Conference encouraged priests to embrace the spirit of Vatican II


By Anne Marie Amacher
More than 200 priests from across the United States gathered together for a conference aimed at helping them carry on the spirit of the Second Vatican Council.
Three priests from the Diocese of Davenport participated in the conference earlier this summer at St. Leo University in St. Leo, Fla.: Father Robert McAleer, pastor of St. John Vianney Parish in Bettendorf; Father David Hitch, pastor of St. Mary parishes in Tipton and Mechanicsville; and Father Wally Helms, pastor of St. Thomas More Parish in Coralville.

Fr. Helms

Fr. Helms said the conference’s presenters “reminded us of the spirit of the council and how much those present for our gathering needed to seek that collegiality and sense of Church that seems to have diminished over the years.”
The conference was organized by the Association of U.S. Catholic Priests, which Fr. McAleer and Father John Hynes, a retired priest of the Davenport Diocese, helped found last year with 27 other priests.
According to Catholic News Service, the association’s vision and mission focus on priests supporting one another as fellow priests, developing their professional lives and having the ability to speak with one voice. Membership in the association has grown to more than 650 priests nationwide.

Fr. Hitch

Fr. Hitch said seeing more than 200 of those priests gathered together was a highlight of this year’s conference, titled “Keeping Alive the Vision of Vatican II.”
Fr. Helms said he appreciated seeing old friends from past gatherings of the National Federation of Priests’ Councils and heard testimonies of the graced lives of priests who have spent their ministry helping people know they are people of God.
Priests also shared their concerns and worked together on how priests can have a voice in keeping the vision of Vatican II alive in their active ministries, Fr. Hitch said. “We are all one body of Christ,” but priests need the opportunity to talk with each other, their presbyterates and their bishops. “Maybe as an association we can speak together as a voice, even sit with our bishops and visit.” Frs. Hitch and McAleer commend their own bishop, Bishop Martin Amos, for being a bishop willing to listen to his priests.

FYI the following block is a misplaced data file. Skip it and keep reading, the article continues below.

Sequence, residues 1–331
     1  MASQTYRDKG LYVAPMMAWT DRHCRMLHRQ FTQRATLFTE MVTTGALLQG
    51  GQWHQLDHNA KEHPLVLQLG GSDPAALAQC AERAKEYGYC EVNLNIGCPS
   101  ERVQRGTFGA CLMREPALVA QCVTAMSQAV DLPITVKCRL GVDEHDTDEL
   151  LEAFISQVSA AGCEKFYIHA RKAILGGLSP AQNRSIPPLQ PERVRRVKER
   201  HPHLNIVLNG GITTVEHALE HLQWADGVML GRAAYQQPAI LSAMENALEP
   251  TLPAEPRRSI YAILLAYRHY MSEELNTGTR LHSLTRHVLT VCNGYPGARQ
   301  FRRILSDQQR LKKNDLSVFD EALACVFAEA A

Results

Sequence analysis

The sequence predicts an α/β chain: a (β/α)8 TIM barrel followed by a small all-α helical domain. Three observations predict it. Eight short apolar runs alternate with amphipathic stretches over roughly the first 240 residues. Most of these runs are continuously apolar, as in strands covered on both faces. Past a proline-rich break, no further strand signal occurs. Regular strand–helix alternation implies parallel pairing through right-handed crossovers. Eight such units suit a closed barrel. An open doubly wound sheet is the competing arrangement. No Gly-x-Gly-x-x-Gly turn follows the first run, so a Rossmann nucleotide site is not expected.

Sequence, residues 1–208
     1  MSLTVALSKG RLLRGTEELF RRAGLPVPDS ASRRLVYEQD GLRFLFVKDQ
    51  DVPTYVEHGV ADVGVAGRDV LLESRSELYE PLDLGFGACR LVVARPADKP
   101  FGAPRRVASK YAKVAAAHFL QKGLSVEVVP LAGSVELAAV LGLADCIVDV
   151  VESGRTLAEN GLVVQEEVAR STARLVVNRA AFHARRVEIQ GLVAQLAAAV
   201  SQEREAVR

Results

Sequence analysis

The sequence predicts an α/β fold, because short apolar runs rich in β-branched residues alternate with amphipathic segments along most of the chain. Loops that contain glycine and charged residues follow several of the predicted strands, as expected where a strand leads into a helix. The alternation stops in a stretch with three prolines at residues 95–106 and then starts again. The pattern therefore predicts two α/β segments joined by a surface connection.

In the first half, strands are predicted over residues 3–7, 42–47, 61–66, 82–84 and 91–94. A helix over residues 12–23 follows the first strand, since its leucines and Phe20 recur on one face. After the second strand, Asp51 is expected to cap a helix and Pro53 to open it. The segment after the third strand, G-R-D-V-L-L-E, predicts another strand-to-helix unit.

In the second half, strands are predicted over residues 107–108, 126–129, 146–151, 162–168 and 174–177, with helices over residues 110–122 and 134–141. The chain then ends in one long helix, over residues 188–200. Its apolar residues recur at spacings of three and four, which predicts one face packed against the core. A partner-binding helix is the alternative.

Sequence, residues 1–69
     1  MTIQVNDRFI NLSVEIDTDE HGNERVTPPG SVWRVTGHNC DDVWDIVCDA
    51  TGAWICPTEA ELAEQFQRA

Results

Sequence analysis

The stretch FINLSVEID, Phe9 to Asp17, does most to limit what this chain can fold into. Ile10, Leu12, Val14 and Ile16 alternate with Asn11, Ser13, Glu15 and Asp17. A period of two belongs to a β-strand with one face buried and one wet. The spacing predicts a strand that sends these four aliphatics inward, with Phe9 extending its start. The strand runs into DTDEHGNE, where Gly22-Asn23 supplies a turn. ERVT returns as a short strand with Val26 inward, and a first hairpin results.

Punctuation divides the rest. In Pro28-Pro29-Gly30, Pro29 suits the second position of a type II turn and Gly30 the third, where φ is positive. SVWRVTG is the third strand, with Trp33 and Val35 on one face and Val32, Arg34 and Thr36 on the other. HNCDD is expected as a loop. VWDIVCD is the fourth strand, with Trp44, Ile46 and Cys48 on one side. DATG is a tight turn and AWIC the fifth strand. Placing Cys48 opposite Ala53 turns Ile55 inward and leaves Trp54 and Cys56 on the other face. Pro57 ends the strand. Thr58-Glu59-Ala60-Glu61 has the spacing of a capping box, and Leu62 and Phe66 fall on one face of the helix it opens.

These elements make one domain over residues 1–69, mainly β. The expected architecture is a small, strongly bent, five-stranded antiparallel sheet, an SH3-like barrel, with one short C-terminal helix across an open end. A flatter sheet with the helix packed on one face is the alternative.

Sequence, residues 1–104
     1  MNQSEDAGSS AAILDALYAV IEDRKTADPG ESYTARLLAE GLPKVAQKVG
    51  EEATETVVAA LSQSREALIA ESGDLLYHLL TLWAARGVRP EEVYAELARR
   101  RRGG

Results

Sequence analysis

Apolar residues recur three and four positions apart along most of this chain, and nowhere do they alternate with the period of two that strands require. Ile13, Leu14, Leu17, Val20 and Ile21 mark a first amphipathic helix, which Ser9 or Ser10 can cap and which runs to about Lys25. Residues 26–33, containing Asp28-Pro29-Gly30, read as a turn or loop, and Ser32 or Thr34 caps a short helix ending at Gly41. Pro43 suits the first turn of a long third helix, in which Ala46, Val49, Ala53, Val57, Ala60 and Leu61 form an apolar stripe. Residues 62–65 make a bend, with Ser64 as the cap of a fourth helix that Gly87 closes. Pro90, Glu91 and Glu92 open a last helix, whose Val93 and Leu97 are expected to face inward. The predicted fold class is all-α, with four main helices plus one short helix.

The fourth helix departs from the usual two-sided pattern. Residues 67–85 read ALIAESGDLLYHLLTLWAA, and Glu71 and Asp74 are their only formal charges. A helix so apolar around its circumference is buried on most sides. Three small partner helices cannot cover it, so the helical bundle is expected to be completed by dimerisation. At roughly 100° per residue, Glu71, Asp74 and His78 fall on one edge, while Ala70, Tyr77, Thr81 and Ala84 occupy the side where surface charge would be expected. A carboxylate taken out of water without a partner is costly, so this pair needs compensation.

Presentations at the conference covered such topics as implementation of the new Roman Missal in English-speaking countries, the origins of “Novus Ordo” (the Mass of Pope Paul VI promulgated in 1969), deeper issues behind contemporary presbyteral disharmony, and the changing face of the priesthood.

Fr. McAleer

Fr. McAleer said one talk focused on formation of priests. He pointed out that priests in all dioceses have been trained in different eras. “But we are one with the people. We are here to serve all people.”
Today “we are fewer in number, but we have to respect each other’s training and need to learn to talk with each other. We are here to serve the Gospel.”
Fr. Hitch said retired Archbishop Rembert Weakland of Milwaukee posed this question: If the Church becomes a museum, what would we want put in it? “Our Church is becoming a museum as we get further away from Vatican II,” Fr. Hitch said.
“That left me thinking  — what are the vision and teachings of Vatican II?” He noted that  a generation or two of Catholics have no idea what the term Vatican II means, let alone have an understanding of its vision. “We need to keep that vision alive.”
Fr. Hitch said he learned that before getting upset about the lack of knowledge about Vatican II, he should read, examine, discuss and pray about the council’s teachings. Doing that homework will help in being able to enlighten others about Vatican II, he believes.
“We need to focus on the Vatican II Council,” Fr. McAleer said. “It was an ecumenical council and we can’t lose our history.”
He invites priests who want to learn more about the Association of U.S. Catholic Priests to contact him. “I invite all priests to become active in the association.”


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